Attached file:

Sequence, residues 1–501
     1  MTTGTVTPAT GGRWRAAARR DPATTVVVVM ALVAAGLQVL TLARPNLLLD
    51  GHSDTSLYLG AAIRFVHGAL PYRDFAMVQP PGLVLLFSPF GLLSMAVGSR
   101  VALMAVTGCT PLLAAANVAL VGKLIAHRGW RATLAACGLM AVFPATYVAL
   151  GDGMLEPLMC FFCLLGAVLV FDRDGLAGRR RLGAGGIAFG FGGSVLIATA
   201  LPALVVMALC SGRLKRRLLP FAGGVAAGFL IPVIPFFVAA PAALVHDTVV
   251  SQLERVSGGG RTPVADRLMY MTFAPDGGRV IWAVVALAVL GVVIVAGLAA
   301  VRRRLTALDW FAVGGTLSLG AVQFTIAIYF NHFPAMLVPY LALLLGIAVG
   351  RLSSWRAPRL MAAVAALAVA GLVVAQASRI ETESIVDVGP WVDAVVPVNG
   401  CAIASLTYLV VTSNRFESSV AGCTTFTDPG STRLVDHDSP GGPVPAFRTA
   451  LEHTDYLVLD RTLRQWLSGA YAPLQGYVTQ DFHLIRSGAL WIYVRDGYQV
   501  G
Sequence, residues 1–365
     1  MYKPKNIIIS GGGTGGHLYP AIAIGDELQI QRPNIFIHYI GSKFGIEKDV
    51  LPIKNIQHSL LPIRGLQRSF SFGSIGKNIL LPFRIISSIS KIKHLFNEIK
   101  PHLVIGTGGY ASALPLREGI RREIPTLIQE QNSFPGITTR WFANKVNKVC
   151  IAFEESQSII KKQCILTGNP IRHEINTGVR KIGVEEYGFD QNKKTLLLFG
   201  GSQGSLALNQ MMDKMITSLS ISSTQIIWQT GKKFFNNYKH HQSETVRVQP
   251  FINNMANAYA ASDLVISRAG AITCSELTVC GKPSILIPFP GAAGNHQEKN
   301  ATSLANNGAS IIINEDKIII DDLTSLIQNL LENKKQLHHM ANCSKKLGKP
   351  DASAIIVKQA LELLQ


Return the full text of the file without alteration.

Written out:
Sequence, residues 1–501
     1  MTTGTVTPAT GGRWRAAARR DPATTVVVVM ALVAAGLQVL TLARPNLLLD
    51  GHSDTSLYLG AAIRFVHGAL PYRDFAMVQP PGLVLLFSPF GLLSMAVGSR
   101  VALMAVTGCT PLLAAANVAL VGKLIAHRGW RATLAACGLM AVFPATYVAL
   151  GDGMLEPLMC FFCLLGAVLV FDRDGLAGRR RLGAGGIAFG FGGSVLIATA
   201  LPALVVMALC SGRLKRRLLP FAGGVAAGFL IPVIPFFVAA PAALVHDTVV
   251  SQLERVSGGG RTPVADRLMY MTFAPDGGRV IWAVVALAVL GVVIVAGLAA
   301  VRRRLTALDW FAVGGTLSLG AVQFTIAIYF NHFPAMLVPY LALLLGIAVG
   351  RLSSWRAPRL MAAVAALAVA GLVVAQASRI ETESIVDVGP WVDAVVPVNG
   401  CAIASLTYLV VTSNRFESSV AGCTTFTDPG STRLVDHDSP GGPVPAFRTA
   451  LEHTDYLVLD RTLRQWLSGA YAPLQGYVTQ DFHLIRSGAL WIYVRDGYQV
   501  G
Sequence, residues 1–365
     1  MYKPKNIIIS GGGTGGHLYP AIAIGDELQI QRPNIFIHYI GSKFGIEKDV
    51  LPIKNIQHSL LPIRGLQRSF SFGSIGKNIL LPFRIISSIS KIKHLFNEIK
   101  PHLVIGTGGY ASALPLREGI RREIPTLIQE QNSFPGITTR WFANKVNKVC
   151  IAFEESQSII KKQCILTGNP IRHEINTGVR KIGVEEYGFD QNKKTLLLFG
   201  GSQGSLALNQ MMDKMITSLS ISSTQIIWQT GKKFFNNYKH HQSETVRVQP
   251  FINNMANAYA ASDLVISRAG AITCSELTVC GKPSILIPFP GAAGNHQEKN
   301  ATSLANNGAS IIINEDKIII DDLTSLIQNL LENKKQLHHM ANCSKKLGKP
   351  DASAIIVKQA LELLQ